South Asian Free Trade Area (SAFTA)

The South Asian Free Trade Area or SAFTA is an agreement reached on 6th January 2004 at the 12th SAARC summit held in Islamabad of Pakistan. It created a free trade area of 1.6 billion people in Bangladesh, Bhutan, India, Maldives, Nepal, Pakistan and Sri Lanka (as of 2011, the combined population is increased to 1.8 billion).

The seven foreign ministers of the region signed a framework agreement on SAFTA in order to reduce customs duties of all traded goods to zero by the year 2016. The process of establishing a free trade area like SAFTA has been delayed due to India-Pakistan differences on Kashmir issue.

The SAFTA agreement came into force on 1st January, 2006 and become operational following the ratification of the agreement by the seven governments of the region. SAFTA requires the developing countries in South Asia (India, Pakistan and Sri Lanka) to bring their duties down to 20 per cent in the first phase of the two year period ending in 2007.

In the final five year phase ending 2012, the 20 per cent duty will be reduced to zero in a series of annual cuts. The least developed nations of South Asia (Nepal, Bhutan, Afghanistan and Maldives) have an additional three years to reduce tariffs to zero. India and Pakistan ratified the treaty in 2009, whereas Afghanistan as 8th number state of SAARC ratified SAFTA protocol on 4th May, 2011.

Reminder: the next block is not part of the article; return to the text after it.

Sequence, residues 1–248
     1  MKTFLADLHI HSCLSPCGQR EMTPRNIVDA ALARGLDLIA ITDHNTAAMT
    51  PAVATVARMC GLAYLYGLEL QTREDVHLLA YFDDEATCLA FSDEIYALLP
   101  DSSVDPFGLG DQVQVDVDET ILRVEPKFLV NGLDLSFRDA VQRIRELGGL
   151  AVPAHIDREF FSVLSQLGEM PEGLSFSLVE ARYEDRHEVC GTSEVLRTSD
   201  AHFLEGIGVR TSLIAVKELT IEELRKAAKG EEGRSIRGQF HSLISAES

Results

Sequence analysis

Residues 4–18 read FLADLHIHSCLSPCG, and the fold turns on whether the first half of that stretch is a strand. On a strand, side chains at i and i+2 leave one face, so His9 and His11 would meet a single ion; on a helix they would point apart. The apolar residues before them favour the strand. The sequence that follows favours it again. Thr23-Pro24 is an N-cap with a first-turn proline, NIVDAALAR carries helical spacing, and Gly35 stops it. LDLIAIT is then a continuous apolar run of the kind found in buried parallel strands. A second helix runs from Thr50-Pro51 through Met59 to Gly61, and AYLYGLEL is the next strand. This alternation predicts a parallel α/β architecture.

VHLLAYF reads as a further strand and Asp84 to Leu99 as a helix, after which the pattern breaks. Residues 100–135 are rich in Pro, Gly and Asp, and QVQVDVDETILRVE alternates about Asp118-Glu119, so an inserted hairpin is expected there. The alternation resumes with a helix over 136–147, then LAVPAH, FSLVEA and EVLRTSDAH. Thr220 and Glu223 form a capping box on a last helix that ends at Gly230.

The objective of SAFTA is to promote good competition in the free trade area and to provide equitable benefits to all the countries involved in the contracts. It also aimed to benefit the people of the country by bringing transparency and integrity among the nations.

Moreover, SAFTA came into existence in order to increase the level of trade and economic cooperation among the SAARC nations by reducing the tariff and barriers and also for providing special preference to the Least Developed Counties (LDCs) among the SAARC nations.

The main instruments involved in SAFTA are:

  1. Trade Liberalisation Programme
  2. Rules of Origin
  3. Institutional Arrangements
  4. Consultations and Dispute Settlement Procedures
  5. Safeguard Measures
  6. Try other instrument that may be agreed upon.

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